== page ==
D.C. theater’s answer to the Tonys, the Helen Hayes Awards, has been kind to teeny-tiny local troupes in recent years. Now, the big guys want a bigger bite.
Recently, the Washington Post’s Nelson Pressley broke the story that representatives of Signature Theatre, Ford’s Theatre, and Arena Stage had threatened to “rethink their future involvement” in the Hayes awards unless its organizers, the nonprofit group TheatreWashington, made some changes that would appease Big Theater—perhaps ones like splitting the awards into separate categories for big and small companies so large companies wouldn’t, well, keep losing to small ones.
Major companies might like that idea, but the smaller ones have rallied against a two-tier system, saying they don’t want any kind of second-class treatment. It’s not yet clear whether TheatreWashington plans to make any reforms to the awards. But as long as it’s got the suggestion box open, here are a few ideas to cram in.
Kill the Nonresident Categories!
Big institutions may feel like they’re being shut out of the resident play and musical categories, but they also tend to dominate the nonresident categories, which inevitably reward the big-budget touring shows that roll through the Kennedy Center and Shakespeare Theatre. Do Cate Blanchett and Laurence Fishburne really need the recognition? If the Helen Hayes Awards aspire to be truly innovative, I recommend jettisoning the nonresident categories and focusing on local productions with a system that, like the Post suggests, distinguishes between outstanding work done on a shoestring and great shows with bigger budgets.—Sophie Gilbert, Washingtonian arts editor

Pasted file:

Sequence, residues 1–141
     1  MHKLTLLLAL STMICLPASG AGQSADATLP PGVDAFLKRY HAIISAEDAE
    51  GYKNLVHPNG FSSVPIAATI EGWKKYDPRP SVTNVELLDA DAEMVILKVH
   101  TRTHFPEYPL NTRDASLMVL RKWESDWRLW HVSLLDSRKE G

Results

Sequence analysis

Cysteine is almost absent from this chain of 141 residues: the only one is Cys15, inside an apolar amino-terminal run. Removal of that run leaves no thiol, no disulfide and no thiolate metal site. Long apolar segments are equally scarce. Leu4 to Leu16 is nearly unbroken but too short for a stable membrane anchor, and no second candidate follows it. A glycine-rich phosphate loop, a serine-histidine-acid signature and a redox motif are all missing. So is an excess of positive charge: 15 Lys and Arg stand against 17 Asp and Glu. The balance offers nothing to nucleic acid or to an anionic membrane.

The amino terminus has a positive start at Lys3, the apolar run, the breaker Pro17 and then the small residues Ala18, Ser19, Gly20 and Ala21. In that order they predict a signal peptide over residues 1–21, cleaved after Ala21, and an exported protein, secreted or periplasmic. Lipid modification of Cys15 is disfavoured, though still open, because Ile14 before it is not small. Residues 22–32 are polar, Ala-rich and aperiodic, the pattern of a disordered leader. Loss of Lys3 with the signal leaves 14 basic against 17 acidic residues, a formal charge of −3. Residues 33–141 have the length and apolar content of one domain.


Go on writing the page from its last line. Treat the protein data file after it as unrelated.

Outstanding is outstanding, regardless of budget, and that’s what these awards are supposed to recognize. So I don’t favor further diluting the awards. I side with playwright Gwydion Suilebhan, who recently blogged about his vision for the Hayes Awards, which would revolve around a slim, highly competitive slate of five weighty categories. Imagine landing just one of five enormous awards, like the Hayes Prize for Performance, the Hayes Prize for Design, and similar awards for direction, writing, and “theatrical innovation.” High stakes and even higher competition? Oh yes. But taking home that big award will mean a whole lot more than getting a watered-down prize in a segregated category.—Ally Schweitzer
Change Nothing—and Tell Big Theater to Grow Up!
Sending smaller companies like Imagination Stage, Synetic Theater, and Adventure Theatre down to lower ranks isn’t equitable. That Imagination Stage production of The Lion, the Witch and the Wardrobe? It was my pick for best resident production of 2012, whether you call it a musical, a play, a ballet, a puppet show, or just plain good theater. Introducing a two-tier system would only make Washington’s larger theaters look less like Aslan and more like cowardly lions.—Rebecca J. Ritzel, theater critic
I’d like to see degree-of-difficulty factored into the distribution of nominations and awards. The 2013 nominees were long on Shakespeare and hit musicals and adaptations of venerable old novels. There’s wasn’t much new news. Indeed, outstanding new play or musical is its own category, indicating just how much of an anomaly it is for houses to gamble on work by living playwrights, or for those gambles to pay off.—Chris Klimek, theater critic
Get the Artists Drunker!
Splitting the awards could lead to a fractured community rather than a more united one. But if the awards do split up and get even longer, structure them like the Golden Globes. Don’t put attendees into theater seats; give them tables for each company or show. That way, the eating, mingling, and partying can start earlier, and drunk theater artists = funny acceptance speeches.—Sophia Bushong, theater reporter and critic
Graphic by Jandos Rothstein